How to Respond to Suffering learning to obey four “impossible” commands
When we face disappointment and pain, how can we continue to trust God, give Him thanks, and choose to rejoice always?
Sometimes it seems impossible to obey the commands God gives us in His Word. However, as God enables you to understand the good that can come through suffering (see Romans 8:28 and Genesis 50:20), you’ll realize that it is possible to obey those “impossible” commands, because you’ll see life from a new perspective.
Jesus learned “obedience by the things that he suffered” (Hebrews 5:8), and so can you. (See II Timothy 2:12 and I Peter 2:21.) When we obey God’s Word, especially when it does not make sense, we learn through experience that God’s ways truly are best. In the end, we find that His will is exactly what we would have chosen if we had known all the facts.
“In every thing give thanks”(I Thessalonians 5:18).
Sometimes it is almost impossible to have a thankful heart when we look at events from our limited, earthly perspective. However, as we understand that God wants to bless us through even painful circumstances, we can give thanks because we have faith in Him. “We know that all things work together for good to them that love God, to them who are the called according to his purpose. For whom he did foreknow, he also did predestinate to be conformed to the image of his Son, that he might be the firstborn of many brethren. Moreover whom he did predestinate, them he also called: and whom he called, them he also justified: and whom he justified, them he also glorified” (Romans 8:28–30).
The blessings that God promises to us will last far beyond the suffering of the moment. “For our light affliction, which is but for a moment, worketh for us a far more exceeding and eternal weight of glory; while we look not at the things which are seen, but at the things which are not seen: for the things which are seen are temporal; but the things which are not seen are eternal” (II Corinthians 4:17–18).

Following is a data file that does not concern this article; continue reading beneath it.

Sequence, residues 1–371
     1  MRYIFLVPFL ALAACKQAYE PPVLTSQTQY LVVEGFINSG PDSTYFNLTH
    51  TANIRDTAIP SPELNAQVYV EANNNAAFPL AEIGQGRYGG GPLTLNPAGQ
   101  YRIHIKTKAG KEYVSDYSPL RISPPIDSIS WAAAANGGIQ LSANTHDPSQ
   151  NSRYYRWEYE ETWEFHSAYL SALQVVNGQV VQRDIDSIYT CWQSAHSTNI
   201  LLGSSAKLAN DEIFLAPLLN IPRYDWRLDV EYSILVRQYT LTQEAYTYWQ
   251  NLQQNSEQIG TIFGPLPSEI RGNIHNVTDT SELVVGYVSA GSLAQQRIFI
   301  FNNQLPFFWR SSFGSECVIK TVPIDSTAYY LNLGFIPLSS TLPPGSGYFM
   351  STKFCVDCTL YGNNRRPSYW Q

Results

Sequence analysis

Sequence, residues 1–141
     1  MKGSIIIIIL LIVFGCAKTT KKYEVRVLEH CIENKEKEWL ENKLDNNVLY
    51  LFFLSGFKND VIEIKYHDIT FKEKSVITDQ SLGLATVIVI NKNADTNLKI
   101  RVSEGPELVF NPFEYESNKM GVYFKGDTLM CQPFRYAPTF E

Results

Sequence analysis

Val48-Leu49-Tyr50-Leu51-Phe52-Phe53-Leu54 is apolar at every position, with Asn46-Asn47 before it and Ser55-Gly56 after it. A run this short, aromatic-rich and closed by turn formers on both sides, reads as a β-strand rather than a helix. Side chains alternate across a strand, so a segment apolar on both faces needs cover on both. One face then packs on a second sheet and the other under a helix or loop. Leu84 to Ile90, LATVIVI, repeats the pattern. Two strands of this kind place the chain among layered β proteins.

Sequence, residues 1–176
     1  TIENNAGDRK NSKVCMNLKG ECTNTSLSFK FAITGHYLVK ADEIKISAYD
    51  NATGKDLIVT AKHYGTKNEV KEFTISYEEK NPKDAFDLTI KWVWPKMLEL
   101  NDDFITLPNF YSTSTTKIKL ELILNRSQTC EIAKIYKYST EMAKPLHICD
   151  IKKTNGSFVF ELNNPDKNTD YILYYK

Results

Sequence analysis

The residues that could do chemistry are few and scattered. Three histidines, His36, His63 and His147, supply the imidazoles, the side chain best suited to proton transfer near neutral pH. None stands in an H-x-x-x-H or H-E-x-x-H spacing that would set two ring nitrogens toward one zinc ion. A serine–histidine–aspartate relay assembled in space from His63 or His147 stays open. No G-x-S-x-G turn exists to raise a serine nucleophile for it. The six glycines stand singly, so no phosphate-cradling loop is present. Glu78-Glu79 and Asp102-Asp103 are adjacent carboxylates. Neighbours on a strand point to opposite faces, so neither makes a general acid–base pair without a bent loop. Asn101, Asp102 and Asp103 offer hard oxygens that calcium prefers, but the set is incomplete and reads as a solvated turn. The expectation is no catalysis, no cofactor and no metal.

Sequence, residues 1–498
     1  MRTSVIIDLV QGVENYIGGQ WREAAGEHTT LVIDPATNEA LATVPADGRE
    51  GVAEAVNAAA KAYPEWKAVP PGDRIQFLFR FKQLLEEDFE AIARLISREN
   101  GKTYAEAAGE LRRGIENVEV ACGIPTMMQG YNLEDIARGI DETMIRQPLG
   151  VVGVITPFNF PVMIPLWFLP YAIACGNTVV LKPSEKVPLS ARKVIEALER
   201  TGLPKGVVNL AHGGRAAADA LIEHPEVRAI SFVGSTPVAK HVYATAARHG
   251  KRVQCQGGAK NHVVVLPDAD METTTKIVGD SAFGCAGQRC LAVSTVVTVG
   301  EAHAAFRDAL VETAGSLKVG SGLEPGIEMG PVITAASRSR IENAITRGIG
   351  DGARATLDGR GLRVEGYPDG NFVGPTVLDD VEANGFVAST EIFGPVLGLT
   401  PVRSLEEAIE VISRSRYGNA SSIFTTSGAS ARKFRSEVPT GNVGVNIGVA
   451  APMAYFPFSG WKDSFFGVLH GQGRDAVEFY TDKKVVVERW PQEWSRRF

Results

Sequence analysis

“Trust in the Lord with all thine heart”(Proverbs 3:5).
As we see God bring good in the midst of suffering, we learn to trust Him more fully. Understanding that God is working out an eternal purpose for His glory allows us to echo the words of Job: “Though he slay me, yet will I trust in him” (Job 13:15). We can trust God to complete a good work in and through the circumstances of our lives, even though we experience pain. “He which hath begun a good work in you will perform it until the day of Jesus Christ” (Philippians 1:6).
“Fear ye not, neither be afraid”(Isaiah 44:8).
Fear is a natural response to seeing a situation from man’s point of view. We must bring the reality of God’s presence into our evaluation of the situation. God promised, “I will never leave thee, nor forsake thee“ (Hebrews 13:5).
God doesn’t claim that we will never experience rough times, but He does promise to be with us. “When thou passest through the waters, I will be with thee; and through the rivers, they shall not overflow thee: when thou walkest through the fire, thou shalt not be burned; neither shall the flame kindle upon thee” (Isaiah 43:2). Looking to God in faith is always the right response to any situation. (See Romans 8:28 and Hebrews 13:5–6.)
“Rejoice in the Lord always”(Philippians 4:4).
As we see ways that God can redeem our suffering, we can learn to sincerely rejoice in Him—always. The Apostle Paul found joy in fellowship with God, even when life’s pathway led him into “ … the fellowship of his sufferings …” (Philippians 3:10). Paul wrote, “We glory in tribulations also: knowing that tribulation worketh patience; and patience, experience; and experience, hope: and hope maketh not ashamed; because the love of God is shed abroad in your hearts by the Holy Ghost which is given unto us” (Romans 5:3–5).